Last week the Wall Street Journal published this year's iteration of the summer reading list that mammoth financial services company JPMorgan Chase distributes to its clients every summer. It's a little like Oprah's book club. Which is to say, it's for people who have as much money as Oprah. In the words of JPMorgan Chase, the list is designed to "capture the essence of our clients’ personal and professional lives.” Apparently the list has become so popular among JPMorgan Chase Private clients that for the first time they're going to do a winter reading list this year as well.
The summer list: (bitchy commentary is purely a S&Co. added bonus)
On the Brink: Inside the Race to Stop the Collapse of the Global Financial System, by Treasury Secretary Henry Paulson. I actually like Paulson when I've heard him speak; too bad this book wasn't on the list five years ago.
The Facebook Effect: The Inside Story of the Company that is Connecting the World by David Kirkpatrick. Facebook is big, right? There like a bazillion dollars to be made there, right? At this point I think FarmVille is worth more than all the actual farms in the United States.
BlackBerry: The Inside Story of Research in Motion by Rod McQueen. Blackberries too, right? The president has one, doesn't he?
Life is What You Make It: Find Your Own Path to Fulfillment by Peter Buffett, son of mega-investor Warren Buffett. Apparently for the next gen of millionaires/billionaires a big buzz concern is one's children and heirs and how they make it in life? Perhaps a better title would have been "Life is What You Make it When Your Dad is Worth $47 Billion Dollars".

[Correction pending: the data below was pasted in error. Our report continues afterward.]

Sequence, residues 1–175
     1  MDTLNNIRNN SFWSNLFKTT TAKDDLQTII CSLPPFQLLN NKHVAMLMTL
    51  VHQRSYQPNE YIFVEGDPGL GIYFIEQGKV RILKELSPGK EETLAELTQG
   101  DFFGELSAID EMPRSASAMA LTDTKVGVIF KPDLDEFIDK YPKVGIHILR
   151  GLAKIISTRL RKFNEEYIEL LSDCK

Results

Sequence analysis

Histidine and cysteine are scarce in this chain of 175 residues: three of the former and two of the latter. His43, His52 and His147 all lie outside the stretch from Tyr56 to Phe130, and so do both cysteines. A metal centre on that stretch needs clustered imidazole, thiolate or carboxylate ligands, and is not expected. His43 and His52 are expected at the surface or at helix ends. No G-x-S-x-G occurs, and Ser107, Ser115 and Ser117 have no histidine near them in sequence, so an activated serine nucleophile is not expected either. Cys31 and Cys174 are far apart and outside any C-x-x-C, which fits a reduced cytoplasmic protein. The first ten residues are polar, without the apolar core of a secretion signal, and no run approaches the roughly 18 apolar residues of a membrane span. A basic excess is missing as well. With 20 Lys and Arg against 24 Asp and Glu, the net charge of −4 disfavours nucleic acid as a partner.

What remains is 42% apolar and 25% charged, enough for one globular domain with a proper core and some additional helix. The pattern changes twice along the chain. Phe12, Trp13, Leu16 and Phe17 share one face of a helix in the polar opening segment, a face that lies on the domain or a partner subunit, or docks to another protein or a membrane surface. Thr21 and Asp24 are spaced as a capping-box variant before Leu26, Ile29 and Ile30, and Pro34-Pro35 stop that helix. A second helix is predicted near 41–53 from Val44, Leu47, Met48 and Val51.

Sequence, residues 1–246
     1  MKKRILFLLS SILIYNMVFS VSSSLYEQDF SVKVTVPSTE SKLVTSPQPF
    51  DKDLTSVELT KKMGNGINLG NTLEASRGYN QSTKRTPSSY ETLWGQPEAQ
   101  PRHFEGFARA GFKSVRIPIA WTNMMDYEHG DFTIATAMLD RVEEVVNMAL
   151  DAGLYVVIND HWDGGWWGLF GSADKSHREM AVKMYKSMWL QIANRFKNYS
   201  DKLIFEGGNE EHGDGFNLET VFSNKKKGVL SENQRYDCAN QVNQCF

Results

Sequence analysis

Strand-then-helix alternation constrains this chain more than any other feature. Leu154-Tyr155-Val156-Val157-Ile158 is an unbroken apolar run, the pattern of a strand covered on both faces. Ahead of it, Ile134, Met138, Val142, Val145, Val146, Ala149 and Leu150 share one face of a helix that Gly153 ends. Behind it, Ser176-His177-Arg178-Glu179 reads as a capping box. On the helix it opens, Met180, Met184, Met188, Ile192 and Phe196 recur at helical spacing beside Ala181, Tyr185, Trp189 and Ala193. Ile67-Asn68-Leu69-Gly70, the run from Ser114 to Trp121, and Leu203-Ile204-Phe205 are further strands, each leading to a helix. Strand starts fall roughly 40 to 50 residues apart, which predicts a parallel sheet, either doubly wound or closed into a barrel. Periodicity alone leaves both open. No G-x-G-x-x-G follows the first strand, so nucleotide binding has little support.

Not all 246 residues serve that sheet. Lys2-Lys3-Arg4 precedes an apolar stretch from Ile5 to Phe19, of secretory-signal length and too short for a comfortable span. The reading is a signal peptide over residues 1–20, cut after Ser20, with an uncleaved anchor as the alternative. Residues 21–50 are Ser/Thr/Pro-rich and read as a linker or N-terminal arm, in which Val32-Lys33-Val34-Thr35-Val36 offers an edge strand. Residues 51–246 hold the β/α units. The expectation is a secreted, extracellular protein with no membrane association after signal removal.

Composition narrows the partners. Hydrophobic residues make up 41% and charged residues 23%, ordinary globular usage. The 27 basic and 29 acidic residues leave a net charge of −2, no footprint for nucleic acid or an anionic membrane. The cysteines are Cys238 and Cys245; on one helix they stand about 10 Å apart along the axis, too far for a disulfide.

Written in Water: Messages of Hope for Earth’s Most Precious Resource by Irena Salina. Sez JPMorgan Chase's Darin Oduyoye: “This book was for client’s interest in the environment.” Also known as "How the World is Running Out of Water and How You Can Make Money Off It".
Mark Twain: Man in White: The Grand Adventure of His Final Years by Michael Shelden. Oduyoye again: “Many of our clients are reflecting on legacy. On the centennial anniversary of Mark Twain’s death this was a great book to include. It’s about the last five years of his life and what he wanted to be known for. It’s about Mark Twain writing his own history.” Yep. Nothing the super rich like more than the legacy of, uh, men in white.
The Principles of Thai Cookery by Chef McDang. Rich people buying cookbooks at all, let alone one by a "Chef Mc-anything" is kind of hilarious. If these people can't afford their own chefs, maybe they don't deserve to be on JPMorgan Chase Private's special list.
Pops: A Life of Louis Armstrong by Terry Teachout. I want to read this. I guess I kind of do culturally sympathize with the ultra-wealthy after all!
Henri Cartier-Bresson: The Modern Century by Peter Galassi. I ... I actually like Cartier-Bresson a lot. Okay, rich dudes. That's two.
Fine Wines: The Best Vintages Since 1900 by Michel Dovaz. Since I like obscure reference material, I also think this one would be pretty interesting, if absurdly pretentious. Like Dovaz's hundred-dollar Encyclopedia of the Great Wines of Bordeaux. Come on. That thing's got to be amazing, right?
[Image by User:BrokenSegue taken from Wikimedia Commons.]